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Make your own ricotta

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The Chowhound Team split this post from the Pacific Northwest board

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It's actually really easy to make your own fresh ricotta. Just heat up 8 cups milk and 1 cup heavy cream in a stainless steal pot (the best quality milk and cream you can get makes it tastier). Bring to a boil and turn off the heat. Add 3 1/2 Tablespoons of fresh lemon juice and stir. It will curdle and separate into curds and whey. Strain through a fine mesh sieve or a a colander lined with cheesecloth - you will end up with about 3 cups of ricotta. Season with salt to taste and chill. It takes only a few minutes and probably costs less than buying it at the store!

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  1. I've been thinking about home cheese making for several months -- ricotta, mozarella -- thanks to the "cheese queen" Ricki Carroll.
    http://www.cheesemaking.com/product_i...

    1. I've used these recipes for years and I can't remember where I got them but along with the ricotta I have:

      Queso Blanco (Panir)
      1 gal milk
      1/4 c vinegar
      1. Bring the cow’s milk to 180˚F (82.2˚C) over a direct heat source and hold it there for 4 minutes.
      2. Stir in the vinegar until the whey and curds separate.
      3. Pour the whole mixture into a cheesecloth-lined colander, and tie the four ends of the cheesecloth together.
      4. Allow sitting for at least 3 hours until no whey flows from the bag. If a harder cheese is desired, the curds may be placed in a cheese press to expel more whey while allowing the curds to knit.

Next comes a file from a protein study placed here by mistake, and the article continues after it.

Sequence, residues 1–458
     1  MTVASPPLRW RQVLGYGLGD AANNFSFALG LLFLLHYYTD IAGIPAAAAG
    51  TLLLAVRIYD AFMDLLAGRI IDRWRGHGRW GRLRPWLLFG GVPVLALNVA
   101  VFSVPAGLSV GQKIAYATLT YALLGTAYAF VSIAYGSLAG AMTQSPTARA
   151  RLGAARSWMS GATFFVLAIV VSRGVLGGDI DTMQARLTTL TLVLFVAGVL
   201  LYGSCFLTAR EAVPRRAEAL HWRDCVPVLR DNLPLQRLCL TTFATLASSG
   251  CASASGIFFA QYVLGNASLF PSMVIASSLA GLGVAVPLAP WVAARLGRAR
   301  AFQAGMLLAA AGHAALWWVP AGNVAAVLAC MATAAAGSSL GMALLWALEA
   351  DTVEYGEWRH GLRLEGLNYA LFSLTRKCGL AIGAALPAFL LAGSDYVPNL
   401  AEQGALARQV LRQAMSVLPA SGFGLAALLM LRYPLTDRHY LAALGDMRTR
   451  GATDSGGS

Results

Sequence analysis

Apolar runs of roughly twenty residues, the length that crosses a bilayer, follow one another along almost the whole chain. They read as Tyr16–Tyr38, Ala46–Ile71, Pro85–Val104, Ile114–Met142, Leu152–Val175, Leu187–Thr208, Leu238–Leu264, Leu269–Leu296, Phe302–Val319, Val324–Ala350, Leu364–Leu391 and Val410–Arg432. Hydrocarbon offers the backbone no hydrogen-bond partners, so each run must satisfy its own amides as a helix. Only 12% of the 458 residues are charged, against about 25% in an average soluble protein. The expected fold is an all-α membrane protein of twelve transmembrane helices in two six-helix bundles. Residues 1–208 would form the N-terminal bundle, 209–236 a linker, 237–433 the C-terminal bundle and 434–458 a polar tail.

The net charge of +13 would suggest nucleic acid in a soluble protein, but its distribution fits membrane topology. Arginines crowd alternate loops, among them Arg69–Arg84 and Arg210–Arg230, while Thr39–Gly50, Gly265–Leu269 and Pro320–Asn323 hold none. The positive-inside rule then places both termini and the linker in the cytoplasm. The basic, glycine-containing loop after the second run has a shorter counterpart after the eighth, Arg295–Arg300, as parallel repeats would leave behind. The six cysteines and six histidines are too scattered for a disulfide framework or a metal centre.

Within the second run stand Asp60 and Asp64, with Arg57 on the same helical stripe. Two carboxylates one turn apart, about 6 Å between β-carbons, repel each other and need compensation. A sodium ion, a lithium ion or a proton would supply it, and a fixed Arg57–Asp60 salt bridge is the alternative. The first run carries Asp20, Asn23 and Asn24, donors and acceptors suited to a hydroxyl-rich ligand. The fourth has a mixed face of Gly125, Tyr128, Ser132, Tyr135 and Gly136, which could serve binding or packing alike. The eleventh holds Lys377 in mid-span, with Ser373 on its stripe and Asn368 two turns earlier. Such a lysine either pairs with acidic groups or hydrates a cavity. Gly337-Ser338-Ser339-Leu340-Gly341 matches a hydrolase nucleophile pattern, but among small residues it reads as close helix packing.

5. Unwrap and store in plastic wrap; it will last up to a week.
      Note: This cheese can then be cut and cooked by frying or even by deep-frying without melting or loosing its shape. It can even be used in a stir-fry.

      Marscarpone
      1qt light or single cream
      1/4 tsp tartaric acid
      1. Using indirect heat in a double boiler, heat the light cream to 180˚F (82.2˚C). Stir in the tartaric acid for several minutes.
      2. The cream should thicken to what looks like a custard with curd floating in it; if it does not, add a few drops more tartaric acid, but be very careful not to add too much, as this will make the cheese very grainy.
      3. Drain the cheese over a cheesecloth-lined colander for about an hour.
      4. Now place the cheesecloth into a bowl and chill overnight.
      5. The cheese can be put into a container and stored until needed. It will last for 2 weeks.

      Scottish Crowdie
      1qt buttermilk
      1 juiced lemon
      2 oz heavy cream
      1/4 tsp salt
      1. Bring the buttermilk to 170˚F (76.7˚C) and add the lemon juice.
      2. Pour into cheesecloth-lined colander and tie, allowing the cheese to hang until the bag has stopped draining.
      3. Refrigerate overnight and remove the cheese; add the cream and salt.